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ESPN’s Hill risks job for speaking mind

This is a Feb. 3, 2017, file photo showing Jemele Hill attending ESPN: The Party 2017 in Houston, Texas. ESPN distanced itself from anchor Jemele Hill's tweets one day after she called President Donald Trump "a white supremacist" and "a bigot." "The comments on Twitter from Jemele Hill regarding the president do not represent the position of ESPN," the network tweeted Tuesday, Sept. 12, 2017, from its public relations department's account. "We have addressed this with Jemele and she recognizes her actions were inappropriate."
This is a Feb. 3, 2017, file photo showing Jemele Hill attending ESPN: The Party 2017 in Houston, Texas. ESPN distanced itself from anchor Jemele Hill's tweets one day after she called President Donald Trump "a white supremacist" and "a bigot." "The comments on Twitter from Jemele Hill regarding the president do not represent the position of ESPN," the network tweeted Tuesday, Sept. 12, 2017, from its public relations department's account. "We have addressed this with Jemele and she recognizes her actions were inappropriate." John Salangsang/Invision/AP

I hope ESPN’s Jemele Hill won’t become the next Colin Kaepernick.

I’m a little nervous for the co-host of “SportsCenter” because it could happen. You know how these things can go: Formal apologies are issued: A little time elapses and then the individual in hot water announces plans “to leave to pursue other interests.” Hill, one of a handful of black female national sports figures, would be sorely missed if the already struggling ESPN dared to pull something like that with her.

All she did was express her personal beliefs about a president who, among other troubling things, has said the Neo-Nazis and white supremacists at protests in Charlottesville, Va., last month had some “very fine people” on their side and that “both sides” were to blame for deadly violence that left one counter activist dead and others injured.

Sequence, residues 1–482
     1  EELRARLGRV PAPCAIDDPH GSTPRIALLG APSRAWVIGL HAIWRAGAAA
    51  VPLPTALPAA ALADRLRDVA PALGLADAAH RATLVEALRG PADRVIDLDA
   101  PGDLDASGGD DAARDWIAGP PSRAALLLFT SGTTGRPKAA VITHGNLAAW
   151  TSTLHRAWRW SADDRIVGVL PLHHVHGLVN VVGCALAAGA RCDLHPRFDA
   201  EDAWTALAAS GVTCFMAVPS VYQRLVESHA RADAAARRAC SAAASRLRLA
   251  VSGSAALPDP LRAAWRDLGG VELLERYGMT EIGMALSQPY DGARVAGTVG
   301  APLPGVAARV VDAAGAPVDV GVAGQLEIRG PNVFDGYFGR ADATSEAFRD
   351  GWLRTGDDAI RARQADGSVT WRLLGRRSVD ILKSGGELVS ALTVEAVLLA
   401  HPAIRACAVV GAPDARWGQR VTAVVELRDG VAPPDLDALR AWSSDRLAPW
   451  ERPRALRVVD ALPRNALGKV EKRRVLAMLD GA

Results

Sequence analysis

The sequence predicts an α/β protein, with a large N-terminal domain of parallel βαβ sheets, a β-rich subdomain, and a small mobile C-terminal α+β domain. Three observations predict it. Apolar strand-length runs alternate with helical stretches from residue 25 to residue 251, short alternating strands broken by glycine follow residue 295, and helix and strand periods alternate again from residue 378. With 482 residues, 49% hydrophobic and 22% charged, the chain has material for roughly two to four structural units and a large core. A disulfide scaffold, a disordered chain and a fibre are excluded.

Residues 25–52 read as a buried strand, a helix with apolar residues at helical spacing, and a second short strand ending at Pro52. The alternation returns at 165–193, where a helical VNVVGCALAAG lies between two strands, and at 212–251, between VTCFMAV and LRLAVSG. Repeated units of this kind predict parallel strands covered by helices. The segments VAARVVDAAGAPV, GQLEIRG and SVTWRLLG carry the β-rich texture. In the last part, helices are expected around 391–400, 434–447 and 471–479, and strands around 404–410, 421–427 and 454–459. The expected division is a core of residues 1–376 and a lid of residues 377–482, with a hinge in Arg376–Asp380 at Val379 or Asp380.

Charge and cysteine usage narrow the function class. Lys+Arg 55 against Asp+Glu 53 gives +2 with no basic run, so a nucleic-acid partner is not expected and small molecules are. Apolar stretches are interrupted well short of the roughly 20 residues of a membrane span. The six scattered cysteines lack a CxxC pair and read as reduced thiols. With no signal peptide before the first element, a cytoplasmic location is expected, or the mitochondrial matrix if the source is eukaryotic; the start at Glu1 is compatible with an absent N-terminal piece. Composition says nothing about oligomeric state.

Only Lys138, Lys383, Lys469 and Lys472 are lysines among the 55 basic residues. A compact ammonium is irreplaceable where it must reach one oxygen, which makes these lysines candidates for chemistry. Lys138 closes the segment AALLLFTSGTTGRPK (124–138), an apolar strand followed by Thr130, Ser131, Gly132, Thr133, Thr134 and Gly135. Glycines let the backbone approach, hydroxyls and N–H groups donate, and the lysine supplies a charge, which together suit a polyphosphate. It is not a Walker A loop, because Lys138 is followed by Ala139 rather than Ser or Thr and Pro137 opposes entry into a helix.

Hill found herself in the center of a media firestorm after a series of tweets on Monday night during which she touched a proverbial third rail by proclaiming, “Donald Trump is a white supremacist who has largely surrounded himself w/ other white supremacists.”

Backlash against Hill’s tweets has been visceral and included even a public denunciation by White House press secretary Sarah Sanders, who said on Wednesday that Hill’s remarks should be a “fireable offense.”

So, Hill should be fired but President Trump has yet to sign a resolution passed by both houses of Congress on Tuesday denouncing white supremacy and calling for him to speak out against white racist groups such as those that put on such an ugly show of hate in Charlottesville.

When she tweeted Monday, it was clear that Hill wasn’t speaking for her entire network. The veteran broadcaster was expressing her personal beliefs when she wrote: “He is unqualified and unfit to be president. He is not a leader. And if he were not white, he never would have been elected.”

But that didn’t stop ESPN from quickly issuing a disclaimer and Hill from also sending out one saying: “My comments on Twitter expressed my personal beliefs. My regret is that my comments and the public way I made them painted ESPN in an unfair light….”

That should be the end of it but given the current climate I wouldn’t be surprised if there were more repercussions. A whole lot of Trump supporters are also ESPN fans and from what I’ve been seeing on social media, they’re saying terrible things about Hill, much of it unprintable.

I’m nervous for her.

We saw what happened with Kaepernick, who became an NFL pariah after refusing to stand for the national anthem.

Will the implications for daring to speak her mind be as dire for Hill? Given what is happening in Washington, it’s got to be hard for her to talk about sports all the time.

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